M&S and Unilever want bolder tactics to tackle consumer waste
Marks & Spencer and Unilever have called for more creative thinking around alternative business models to influence consumer behaviour on waste reduction.
During an online debate this morning on Unilever's sustainable living lab (April 25), M&S' head of sustainable business Mike Barry and Unilever's global packaging sustainability director Louis Lindenberg said that radical change was needed to drive more sustainable consumption.
"We cannot carry on just trying to shift more and more units of stuff," said Barry. "We need a totally different approach to consumption.
"In part this will be technology fix, in part business and government agreeing a common approach, but ultimately getting people to think and behave differently about consumption."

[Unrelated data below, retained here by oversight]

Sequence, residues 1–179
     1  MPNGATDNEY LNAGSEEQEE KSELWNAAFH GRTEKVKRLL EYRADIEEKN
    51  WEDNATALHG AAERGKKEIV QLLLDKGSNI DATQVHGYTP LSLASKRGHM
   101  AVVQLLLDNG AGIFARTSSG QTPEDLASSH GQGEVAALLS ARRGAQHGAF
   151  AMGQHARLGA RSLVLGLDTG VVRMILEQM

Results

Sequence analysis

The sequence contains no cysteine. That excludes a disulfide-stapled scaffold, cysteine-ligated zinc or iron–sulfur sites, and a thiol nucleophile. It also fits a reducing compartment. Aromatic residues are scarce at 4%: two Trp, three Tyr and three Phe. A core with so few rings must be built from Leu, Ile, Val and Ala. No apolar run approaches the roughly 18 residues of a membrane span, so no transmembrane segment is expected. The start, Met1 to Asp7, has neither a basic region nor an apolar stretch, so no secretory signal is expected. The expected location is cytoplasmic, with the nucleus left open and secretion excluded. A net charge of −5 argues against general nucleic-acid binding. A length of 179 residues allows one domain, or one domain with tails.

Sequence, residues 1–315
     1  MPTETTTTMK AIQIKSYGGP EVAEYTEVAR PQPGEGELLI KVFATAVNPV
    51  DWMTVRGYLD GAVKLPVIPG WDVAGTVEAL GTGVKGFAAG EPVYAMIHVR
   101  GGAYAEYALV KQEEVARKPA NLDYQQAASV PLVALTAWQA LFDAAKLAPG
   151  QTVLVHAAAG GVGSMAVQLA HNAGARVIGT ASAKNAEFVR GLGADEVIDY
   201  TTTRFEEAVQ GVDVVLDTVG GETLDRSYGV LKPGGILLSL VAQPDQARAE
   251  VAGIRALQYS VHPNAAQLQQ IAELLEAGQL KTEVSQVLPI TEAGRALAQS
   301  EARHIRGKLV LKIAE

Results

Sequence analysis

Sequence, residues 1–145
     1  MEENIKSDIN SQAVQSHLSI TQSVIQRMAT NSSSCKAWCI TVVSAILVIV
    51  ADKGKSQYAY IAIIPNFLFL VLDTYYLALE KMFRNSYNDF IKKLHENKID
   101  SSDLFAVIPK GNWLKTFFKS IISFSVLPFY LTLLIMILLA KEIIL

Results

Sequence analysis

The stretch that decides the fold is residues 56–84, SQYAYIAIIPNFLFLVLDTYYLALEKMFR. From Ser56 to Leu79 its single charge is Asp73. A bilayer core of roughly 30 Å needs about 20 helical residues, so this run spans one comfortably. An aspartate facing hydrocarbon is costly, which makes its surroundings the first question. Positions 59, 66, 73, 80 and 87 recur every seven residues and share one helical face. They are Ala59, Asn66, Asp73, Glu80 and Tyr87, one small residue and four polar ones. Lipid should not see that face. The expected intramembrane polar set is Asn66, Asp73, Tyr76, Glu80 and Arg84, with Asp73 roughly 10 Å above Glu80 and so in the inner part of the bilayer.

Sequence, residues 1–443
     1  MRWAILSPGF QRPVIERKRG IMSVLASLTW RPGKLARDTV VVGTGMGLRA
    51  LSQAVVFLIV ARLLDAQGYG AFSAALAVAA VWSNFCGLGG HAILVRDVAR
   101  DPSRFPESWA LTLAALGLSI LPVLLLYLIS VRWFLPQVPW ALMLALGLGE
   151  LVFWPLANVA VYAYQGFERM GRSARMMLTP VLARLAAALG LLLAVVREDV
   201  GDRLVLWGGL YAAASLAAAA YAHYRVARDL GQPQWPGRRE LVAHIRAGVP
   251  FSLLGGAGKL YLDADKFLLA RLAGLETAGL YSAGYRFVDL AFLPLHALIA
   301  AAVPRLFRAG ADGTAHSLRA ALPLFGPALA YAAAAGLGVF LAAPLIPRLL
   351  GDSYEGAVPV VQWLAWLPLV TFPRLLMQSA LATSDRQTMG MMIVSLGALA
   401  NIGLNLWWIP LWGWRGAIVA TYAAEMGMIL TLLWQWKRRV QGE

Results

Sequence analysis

While acknowledging that consumer waste was an "emotive issue", Barry added that it could be the most important challenge that business - especially consumer brands - needs to face up to.
"Business needs to provide a lead to show consumers that a different approach to consumption can be simple and exciting," he maintained.
Lindenburg said that Unilever was looking at creative ways of taking back packaging materials for recycling - one example is the work the company is doing with the British Aerosol Manufacturer's Association to encourage more aerosol collection and recycling among local authorities.
"We are engaged in a multitude of pilots and projects around the globe," he said. "Players all along the value chain are starting to rethink how they do business and what their impacts are."
Barry added that the past few decades had been characterised by "business inertia, denial and half-hearted searches for solutions".
"We have a business as well as a moral imperative to shift the basic model of consumption rather than defend the excesses of the current approach," he argued.